- Choose a competent and effective recruiter. This can make all the difference. Don’t just hire an agency and let them blast a job description to every Tom, Dick and Mary of the tech world. Know specifically who is representing your company. Make sure that she knows how to find and filter top talent for you. Ensure that she has the communication and people skills required to manage the phone and in-person interviews and coordinate with the hiring manager to make his job even easier rather than just dumping a pile of resumes on a desk and waiting to get paid.
- Do more than one phone screen. Give at least two top team members the chance to phone screen the candidate. Make sure they are prepared and understand what they should ask. Then have one or two managers or potential peers conduct a phone screen as well. Never rely on the resume alone to decide whether you will do a face to face interview.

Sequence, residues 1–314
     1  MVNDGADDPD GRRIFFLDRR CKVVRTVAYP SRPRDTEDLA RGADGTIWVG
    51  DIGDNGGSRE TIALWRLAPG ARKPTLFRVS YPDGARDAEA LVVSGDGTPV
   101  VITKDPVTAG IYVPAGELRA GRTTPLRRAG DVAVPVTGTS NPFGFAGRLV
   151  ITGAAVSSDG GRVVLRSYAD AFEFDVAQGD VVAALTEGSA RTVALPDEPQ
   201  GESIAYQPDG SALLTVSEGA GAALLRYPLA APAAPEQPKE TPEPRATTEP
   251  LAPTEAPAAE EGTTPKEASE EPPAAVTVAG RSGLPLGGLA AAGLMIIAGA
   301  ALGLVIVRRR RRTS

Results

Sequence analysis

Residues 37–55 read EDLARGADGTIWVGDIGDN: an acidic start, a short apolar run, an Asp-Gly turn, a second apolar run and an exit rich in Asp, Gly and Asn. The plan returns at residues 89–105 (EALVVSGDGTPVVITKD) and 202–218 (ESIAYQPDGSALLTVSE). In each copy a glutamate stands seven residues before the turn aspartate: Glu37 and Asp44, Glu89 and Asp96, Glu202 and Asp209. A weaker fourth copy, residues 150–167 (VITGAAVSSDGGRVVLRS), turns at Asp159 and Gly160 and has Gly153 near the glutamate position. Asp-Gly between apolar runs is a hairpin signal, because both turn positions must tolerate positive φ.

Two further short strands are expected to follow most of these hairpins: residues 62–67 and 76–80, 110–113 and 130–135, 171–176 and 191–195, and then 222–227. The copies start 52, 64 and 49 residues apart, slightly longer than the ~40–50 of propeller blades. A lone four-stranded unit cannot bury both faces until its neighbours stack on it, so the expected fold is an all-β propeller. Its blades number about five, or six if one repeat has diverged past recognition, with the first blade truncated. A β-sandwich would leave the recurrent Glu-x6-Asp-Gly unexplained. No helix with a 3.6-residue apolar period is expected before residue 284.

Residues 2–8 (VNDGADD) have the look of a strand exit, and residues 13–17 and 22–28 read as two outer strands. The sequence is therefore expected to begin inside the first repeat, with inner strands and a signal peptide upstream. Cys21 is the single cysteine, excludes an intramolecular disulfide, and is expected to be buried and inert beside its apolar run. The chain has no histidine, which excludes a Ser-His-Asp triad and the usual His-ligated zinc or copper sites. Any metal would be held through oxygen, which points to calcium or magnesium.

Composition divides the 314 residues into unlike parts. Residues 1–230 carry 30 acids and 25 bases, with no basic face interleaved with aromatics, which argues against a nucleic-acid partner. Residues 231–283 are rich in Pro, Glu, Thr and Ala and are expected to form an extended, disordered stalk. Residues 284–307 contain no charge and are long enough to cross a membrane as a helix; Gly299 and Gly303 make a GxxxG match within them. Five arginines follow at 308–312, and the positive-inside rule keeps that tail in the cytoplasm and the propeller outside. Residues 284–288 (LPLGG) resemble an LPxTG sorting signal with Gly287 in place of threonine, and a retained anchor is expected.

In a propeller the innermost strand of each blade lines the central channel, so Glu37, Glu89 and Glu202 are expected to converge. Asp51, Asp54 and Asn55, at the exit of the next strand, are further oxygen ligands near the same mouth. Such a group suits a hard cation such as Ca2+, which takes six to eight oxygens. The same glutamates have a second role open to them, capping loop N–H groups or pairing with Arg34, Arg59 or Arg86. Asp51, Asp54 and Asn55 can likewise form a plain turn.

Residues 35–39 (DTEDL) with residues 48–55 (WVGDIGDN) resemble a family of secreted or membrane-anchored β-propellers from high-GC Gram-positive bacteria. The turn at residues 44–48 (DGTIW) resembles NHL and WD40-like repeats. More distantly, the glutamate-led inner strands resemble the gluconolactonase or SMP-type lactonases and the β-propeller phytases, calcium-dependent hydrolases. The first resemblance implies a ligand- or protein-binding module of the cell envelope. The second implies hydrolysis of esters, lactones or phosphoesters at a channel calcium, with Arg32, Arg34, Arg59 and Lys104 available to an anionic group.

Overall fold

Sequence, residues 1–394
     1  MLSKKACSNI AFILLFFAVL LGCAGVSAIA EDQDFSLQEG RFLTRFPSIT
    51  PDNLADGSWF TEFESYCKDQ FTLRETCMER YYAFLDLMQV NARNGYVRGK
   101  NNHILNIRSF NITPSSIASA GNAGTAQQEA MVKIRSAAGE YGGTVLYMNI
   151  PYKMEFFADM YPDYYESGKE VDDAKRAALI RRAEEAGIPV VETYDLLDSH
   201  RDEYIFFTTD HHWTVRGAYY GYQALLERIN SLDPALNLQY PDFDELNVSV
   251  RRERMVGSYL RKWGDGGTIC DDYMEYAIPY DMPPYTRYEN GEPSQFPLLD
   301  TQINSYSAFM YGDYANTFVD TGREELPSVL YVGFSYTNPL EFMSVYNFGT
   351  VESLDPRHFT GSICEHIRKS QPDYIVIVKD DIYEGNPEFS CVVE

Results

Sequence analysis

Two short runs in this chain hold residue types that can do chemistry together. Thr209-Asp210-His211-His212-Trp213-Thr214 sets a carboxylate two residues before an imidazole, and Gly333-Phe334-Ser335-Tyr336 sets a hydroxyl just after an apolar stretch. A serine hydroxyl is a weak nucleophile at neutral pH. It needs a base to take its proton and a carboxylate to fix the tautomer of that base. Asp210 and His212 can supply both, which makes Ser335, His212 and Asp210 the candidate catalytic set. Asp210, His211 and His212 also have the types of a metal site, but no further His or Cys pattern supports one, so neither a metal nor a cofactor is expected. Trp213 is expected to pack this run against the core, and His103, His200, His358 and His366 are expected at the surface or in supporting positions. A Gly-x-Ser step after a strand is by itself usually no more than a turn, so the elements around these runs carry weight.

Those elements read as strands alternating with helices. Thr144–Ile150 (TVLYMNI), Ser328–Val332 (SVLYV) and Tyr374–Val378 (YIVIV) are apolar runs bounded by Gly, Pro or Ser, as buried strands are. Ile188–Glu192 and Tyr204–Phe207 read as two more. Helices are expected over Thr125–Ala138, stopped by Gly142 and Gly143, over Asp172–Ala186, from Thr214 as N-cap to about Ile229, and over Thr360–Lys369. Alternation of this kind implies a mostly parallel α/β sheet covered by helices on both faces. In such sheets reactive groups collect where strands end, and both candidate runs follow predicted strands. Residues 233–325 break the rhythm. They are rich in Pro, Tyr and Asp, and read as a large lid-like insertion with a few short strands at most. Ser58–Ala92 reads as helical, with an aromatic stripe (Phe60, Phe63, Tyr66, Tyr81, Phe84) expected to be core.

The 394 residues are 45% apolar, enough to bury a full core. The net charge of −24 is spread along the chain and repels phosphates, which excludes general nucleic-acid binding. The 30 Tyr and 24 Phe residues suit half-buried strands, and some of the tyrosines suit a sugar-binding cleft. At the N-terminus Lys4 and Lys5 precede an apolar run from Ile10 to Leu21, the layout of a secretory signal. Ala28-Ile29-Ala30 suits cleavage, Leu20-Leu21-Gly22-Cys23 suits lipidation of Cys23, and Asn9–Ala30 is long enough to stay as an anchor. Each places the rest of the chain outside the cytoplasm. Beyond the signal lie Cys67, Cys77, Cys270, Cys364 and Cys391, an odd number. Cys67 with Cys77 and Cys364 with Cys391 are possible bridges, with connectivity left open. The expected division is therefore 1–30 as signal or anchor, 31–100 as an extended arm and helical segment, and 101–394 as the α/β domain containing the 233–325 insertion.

- Have the candidate interview with more than just the hiring manager. Have potential peers and even potential subordinates interview the candidate as well. And when possible, have a peer or supervisor of the hiring manager conduct an interview. Meet with and collect the thoughts and opinions of every interviewer and carefully consider their input.
- Assure that every interviewer is positive and upbeat about your company but equally honest and transparent about the challenges and opportunities within the company which the candidate may be able to help resolve or improve. Don’t paint a dismal picture but don’t put a shine on a dull spot. Any intelligent candidate who gets different stories from interviewers will think twice before accepting an offer. Transparency and honesty from the bottom to the top of the company will be a refreshing and attractive quality. And don’t worry about scaring off a candidate who is afraid of a blemish. You don’t want to hire someone who wants to work for a perfect company with no opportunities to contribute to the solutions of the real problems that every company has.